Exclusive interview with Tovah Feldshuh

Exclusive interview with Tovah Feldshuh

 

The four-time Tony nominated actress, famous for playing Israeli Prime Minister, Golda Meir, in Golda’s Balcony on Broadway, talks about her travel in France, the Jewish French heritage sites she visited with her father, and her bond with France.


Q: I hear that your father had a special bond with France. 
Tovah Feldshuh: Like many, many Jews, my father served with the Allied Forces during World War II for the United States Army. He was fluent in German and spoke very good French. In boot camp, he was trained in infantry. But when he arrived in England, he was able to take an exam and switched to G2 intelligence branch. He lived underneath London, worked with General Dwight David Eisenhower and was one of the many men to help plan D-Day. Next to marrying my mother and the birth of his children, the war, as difficult as it was, became one of the most significant times of my father’s life.

 
My father worked with the French Underground and assisted Jews who had made it through the war to unite with their families. He helped a wonderful man named Monsieur Mayer to connect with his German Jewish family. And in fact, in the early 1970s, when I was a student and came to Paris to attend university, Monsieur Mayer took me under his wing. He helped me get established so I could obtain an apartment and continue my studies.


Q: What is one of the most memorable trips that you took with your father to France?
Tovah Feldshuh: Shortly before he died, my father and I visited the place where he entered Normandy at D-Day Plus Five on a secret mission. What was most profound was when we went to the American Cemetery to find Jewish graves. I can picture the sea of crosses amid the occasional Jewish star. As we looked for the six pointed stars, I remember reading inscriptions with my father and looking at the ages of these men and how young they were. When my father fought in the war, he was already 32, had long gradated from Harvard ten years before and practicing law. It made me think of how the Jews and Christians from the free world all converged to fight against the Nazis. And I felt our presence and such a kinship between France and the United States.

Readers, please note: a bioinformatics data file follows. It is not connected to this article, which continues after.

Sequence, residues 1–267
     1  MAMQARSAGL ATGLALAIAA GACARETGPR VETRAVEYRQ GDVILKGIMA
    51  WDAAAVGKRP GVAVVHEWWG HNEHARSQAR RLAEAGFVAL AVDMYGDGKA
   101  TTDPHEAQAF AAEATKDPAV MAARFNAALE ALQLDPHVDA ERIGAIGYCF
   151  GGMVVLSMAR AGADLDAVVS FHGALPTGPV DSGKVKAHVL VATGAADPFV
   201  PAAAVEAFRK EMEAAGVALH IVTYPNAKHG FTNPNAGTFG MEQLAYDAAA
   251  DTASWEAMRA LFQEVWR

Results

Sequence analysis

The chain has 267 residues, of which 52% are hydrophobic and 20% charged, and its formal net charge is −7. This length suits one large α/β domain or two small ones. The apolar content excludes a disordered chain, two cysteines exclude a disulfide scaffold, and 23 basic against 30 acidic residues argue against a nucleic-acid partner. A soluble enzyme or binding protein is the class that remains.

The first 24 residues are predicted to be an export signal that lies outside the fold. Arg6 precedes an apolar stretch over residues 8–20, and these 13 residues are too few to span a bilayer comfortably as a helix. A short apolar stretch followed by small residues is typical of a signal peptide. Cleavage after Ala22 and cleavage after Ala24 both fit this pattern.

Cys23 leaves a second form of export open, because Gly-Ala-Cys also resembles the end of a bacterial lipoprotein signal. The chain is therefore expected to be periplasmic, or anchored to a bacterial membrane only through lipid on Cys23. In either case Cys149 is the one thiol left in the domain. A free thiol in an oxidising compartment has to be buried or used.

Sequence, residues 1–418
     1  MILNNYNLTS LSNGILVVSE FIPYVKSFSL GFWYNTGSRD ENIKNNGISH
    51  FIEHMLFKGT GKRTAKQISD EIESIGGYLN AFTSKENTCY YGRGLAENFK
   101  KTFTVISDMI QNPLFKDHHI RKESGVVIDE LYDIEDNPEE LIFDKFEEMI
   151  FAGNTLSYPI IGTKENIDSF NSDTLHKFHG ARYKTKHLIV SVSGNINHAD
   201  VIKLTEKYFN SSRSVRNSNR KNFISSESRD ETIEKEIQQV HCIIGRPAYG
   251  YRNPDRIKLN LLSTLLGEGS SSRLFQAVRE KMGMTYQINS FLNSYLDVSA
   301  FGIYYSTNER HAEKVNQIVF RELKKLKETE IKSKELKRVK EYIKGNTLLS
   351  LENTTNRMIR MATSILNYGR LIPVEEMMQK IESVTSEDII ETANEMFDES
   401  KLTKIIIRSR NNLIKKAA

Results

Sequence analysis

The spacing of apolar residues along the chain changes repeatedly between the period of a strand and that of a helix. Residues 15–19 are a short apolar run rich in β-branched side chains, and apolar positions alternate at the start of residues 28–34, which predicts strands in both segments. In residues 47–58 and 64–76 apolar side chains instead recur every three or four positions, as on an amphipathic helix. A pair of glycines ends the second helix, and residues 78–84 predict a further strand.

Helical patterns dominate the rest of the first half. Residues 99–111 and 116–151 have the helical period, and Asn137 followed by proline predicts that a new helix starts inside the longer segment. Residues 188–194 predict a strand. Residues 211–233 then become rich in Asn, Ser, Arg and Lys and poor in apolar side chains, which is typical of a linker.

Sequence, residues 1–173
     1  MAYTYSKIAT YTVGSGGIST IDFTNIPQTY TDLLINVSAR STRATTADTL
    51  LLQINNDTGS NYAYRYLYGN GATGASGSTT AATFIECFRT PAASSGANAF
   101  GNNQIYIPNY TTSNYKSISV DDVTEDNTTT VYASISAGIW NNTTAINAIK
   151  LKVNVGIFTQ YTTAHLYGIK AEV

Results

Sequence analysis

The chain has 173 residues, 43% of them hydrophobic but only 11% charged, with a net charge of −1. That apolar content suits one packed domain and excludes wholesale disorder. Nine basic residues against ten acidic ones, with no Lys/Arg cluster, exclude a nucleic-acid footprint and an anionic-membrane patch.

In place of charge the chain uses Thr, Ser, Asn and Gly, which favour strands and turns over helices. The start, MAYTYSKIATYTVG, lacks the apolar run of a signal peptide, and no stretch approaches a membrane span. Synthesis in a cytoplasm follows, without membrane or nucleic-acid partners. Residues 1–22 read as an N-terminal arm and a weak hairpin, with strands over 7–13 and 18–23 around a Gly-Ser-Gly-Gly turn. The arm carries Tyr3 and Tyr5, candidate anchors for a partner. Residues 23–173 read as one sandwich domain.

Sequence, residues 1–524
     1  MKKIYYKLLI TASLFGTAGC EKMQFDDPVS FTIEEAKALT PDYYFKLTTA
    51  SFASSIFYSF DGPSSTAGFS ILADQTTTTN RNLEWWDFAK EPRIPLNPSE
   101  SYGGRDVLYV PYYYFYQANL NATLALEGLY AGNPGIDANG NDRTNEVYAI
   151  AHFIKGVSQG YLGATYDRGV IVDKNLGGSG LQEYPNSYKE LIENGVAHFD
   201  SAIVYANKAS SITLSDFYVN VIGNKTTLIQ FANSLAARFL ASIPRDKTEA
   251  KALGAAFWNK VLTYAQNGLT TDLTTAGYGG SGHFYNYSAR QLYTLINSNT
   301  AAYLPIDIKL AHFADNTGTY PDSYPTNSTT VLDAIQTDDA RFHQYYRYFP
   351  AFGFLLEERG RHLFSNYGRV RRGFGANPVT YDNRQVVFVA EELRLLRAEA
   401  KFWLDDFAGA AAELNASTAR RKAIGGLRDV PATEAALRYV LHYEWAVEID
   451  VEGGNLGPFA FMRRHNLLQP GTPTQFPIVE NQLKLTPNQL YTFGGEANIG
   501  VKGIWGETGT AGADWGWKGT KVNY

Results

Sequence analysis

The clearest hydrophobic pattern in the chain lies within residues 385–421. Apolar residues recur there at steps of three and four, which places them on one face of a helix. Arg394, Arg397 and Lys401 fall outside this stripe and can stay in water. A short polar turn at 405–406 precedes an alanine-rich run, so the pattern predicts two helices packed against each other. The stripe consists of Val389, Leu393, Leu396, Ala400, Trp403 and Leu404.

Q: Do you like to visit the Jewish quarter in Le Marais?
Tovah Feldshuh: When I was living in Paris, I used to love to go to the famous Goldenberg's delicatessen on the Rue des Rosiers for great deli food. Sadly the restaurant is gone, but my heart is still warmed when I visit that area and experience the Jewish quarter. France has been kind to its population - enough for the Jewish community to persevere and to thrive in many ways. And I when I am in the neighborhood, I also love visiting the The Musée Bricard, or Musée de la Serrure, which has a unique collection of locks, doorknockers and keys dating from Roman times, which is so interesting.

 
Q: Golda’s Balcony was the longest running one-woman show in Broadway history. Would you ever think of reviving the show?
Tovah Feldshuh: Actually, the ultimate way for me to connect to my Jewish identity in France would be to perform Golda’s Balcony in Paris in French. And I would love to do it with Golda’s Milwaukee twang. It’s the only way to excuse my French accent. And we would have a disclaimer so no one could fault me. That way, I think I have a shot.

Q: What else do you like to do in France?
Tovah Feldshuh: I have collected Chanel for twenty-five years. Coco Chanel was a brilliant designer and gave us the little black dress. She got women out of corsets and gave us a hemline that began to approach the knee. She helped liberate women to begin the long haul towards equal suffrage and women’s rights.